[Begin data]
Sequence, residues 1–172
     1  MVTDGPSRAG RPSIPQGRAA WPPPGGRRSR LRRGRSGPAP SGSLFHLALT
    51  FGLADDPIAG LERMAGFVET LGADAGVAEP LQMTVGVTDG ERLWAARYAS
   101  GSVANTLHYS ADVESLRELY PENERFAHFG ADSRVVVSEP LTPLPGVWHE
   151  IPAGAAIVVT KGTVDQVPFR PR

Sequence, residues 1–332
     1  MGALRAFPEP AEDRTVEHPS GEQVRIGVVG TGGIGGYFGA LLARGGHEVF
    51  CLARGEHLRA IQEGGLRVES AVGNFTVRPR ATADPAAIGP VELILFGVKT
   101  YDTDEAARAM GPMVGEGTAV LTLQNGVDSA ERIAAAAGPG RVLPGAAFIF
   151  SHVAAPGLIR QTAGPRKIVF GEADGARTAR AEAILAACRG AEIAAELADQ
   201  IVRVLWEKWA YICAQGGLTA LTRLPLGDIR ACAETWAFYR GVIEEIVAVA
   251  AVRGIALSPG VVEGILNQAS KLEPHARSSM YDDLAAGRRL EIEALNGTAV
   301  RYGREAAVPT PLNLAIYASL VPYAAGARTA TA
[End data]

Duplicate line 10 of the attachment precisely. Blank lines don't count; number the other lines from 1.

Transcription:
   151  SHVAAPGLIR QTAGPRKIVF GEADGARTAR AEAILAACRG AEIAAELADQ